Offering an intimate view into medieval private devotion, the Hours of the Weaving Virgin is a hallmark of elite fifteenth-century French illumination. In pristine condition, the manuscript was made of the finest parchment and materials. Its fifteen large miniatures are in vivid color with abundant use of gold. Borders containing elegantly winding vines adorn every single page, supplemented by lush acanthus on the pages with miniatures.
The sumptuous manuscript collects the prayers and offices that traditionally constitute a book of hours. Beginning with a calendar and Gospel pericopes, the Latin text written in Gothic Textualis includes ubiquitous prayers such as the Obsecro te and the O intermerata, the Hours of the Virgin and the Office of the Dead, the Penitential Psalms, the Hours of the Cross and of the Holy Spirit, and intercessory prayers to saints.
Made in Paris
The Hours of the Weaving Virgin was made in Paris in the middle of the fifteenth century, a time when the city boasted large networks of book artists and a bustling book trade. The three-quarter page miniatures have been attributed to two illuminators. The more accomplished one, responsible for nine miniatures, painted in an Italianizing style. The work of the less accomplished illuminator, who painted six miniatures, is mostly found toward the back of the book. This strategy of positing the very best art toward the front of a book was common at the time.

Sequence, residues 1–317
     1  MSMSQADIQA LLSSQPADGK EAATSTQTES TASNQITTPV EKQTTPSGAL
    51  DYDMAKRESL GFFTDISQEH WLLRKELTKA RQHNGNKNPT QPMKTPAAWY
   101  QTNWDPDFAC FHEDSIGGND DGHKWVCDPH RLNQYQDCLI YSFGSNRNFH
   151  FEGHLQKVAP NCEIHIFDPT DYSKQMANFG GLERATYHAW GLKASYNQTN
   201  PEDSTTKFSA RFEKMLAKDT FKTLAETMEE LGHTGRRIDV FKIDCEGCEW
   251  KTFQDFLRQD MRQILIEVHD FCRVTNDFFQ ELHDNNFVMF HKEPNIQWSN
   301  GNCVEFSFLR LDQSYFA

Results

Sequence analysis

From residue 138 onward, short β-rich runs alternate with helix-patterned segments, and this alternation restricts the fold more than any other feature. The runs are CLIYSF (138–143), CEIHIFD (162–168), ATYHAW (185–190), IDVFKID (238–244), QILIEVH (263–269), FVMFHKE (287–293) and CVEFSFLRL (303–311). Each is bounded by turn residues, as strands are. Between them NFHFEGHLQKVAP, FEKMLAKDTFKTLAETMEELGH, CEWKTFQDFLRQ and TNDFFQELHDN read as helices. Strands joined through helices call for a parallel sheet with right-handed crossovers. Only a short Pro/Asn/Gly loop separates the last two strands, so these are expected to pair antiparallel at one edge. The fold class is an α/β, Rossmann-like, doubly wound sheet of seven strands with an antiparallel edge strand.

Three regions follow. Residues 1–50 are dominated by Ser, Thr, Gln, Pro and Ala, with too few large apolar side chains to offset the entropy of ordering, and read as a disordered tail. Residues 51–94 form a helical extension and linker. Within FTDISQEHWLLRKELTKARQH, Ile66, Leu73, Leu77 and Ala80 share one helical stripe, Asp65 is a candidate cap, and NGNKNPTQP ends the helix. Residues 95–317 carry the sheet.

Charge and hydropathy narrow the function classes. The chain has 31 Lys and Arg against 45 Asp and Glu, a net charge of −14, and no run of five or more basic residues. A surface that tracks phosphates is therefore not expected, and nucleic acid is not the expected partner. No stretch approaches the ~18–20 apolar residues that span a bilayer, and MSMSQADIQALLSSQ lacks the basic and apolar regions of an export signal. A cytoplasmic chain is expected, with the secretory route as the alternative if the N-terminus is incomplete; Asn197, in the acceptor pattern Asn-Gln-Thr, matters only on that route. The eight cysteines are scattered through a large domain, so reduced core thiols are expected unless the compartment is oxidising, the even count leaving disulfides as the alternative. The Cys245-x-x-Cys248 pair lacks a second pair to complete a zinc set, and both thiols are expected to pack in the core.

The manuscript takes its name from a miniature depicting the Virgin Mary tablet weaving that introduces seasonal variants for the prayers of the Hours of the Virgin (fol. 91r). This was undoubtedly considered a particularly important miniature, for it was trusted to the more talented of the manuscript's illuminators even though it is positioned halfway through the book.
Representations of Mary weaving or spinning yarn were not uncommon themes in Christian art. The domestic motif with apocryphal origins was, above all, a symbol of feminine virtue. Renowned for this distinguished image of weaving, the manuscript deserves close study for its great variety of meticulously detailed textiles.
Part of a Prestigious Collection
The Hours of the Weaving Virgin is in the collection of the financier and collector José Lázaro Galdiano (1862-1947). Upon his death, the Fundación Lázaro Galdiano was instituted, and his home became a museum to showcase the unparalleled treasures of European artistic heritage that Galdiano had amassed.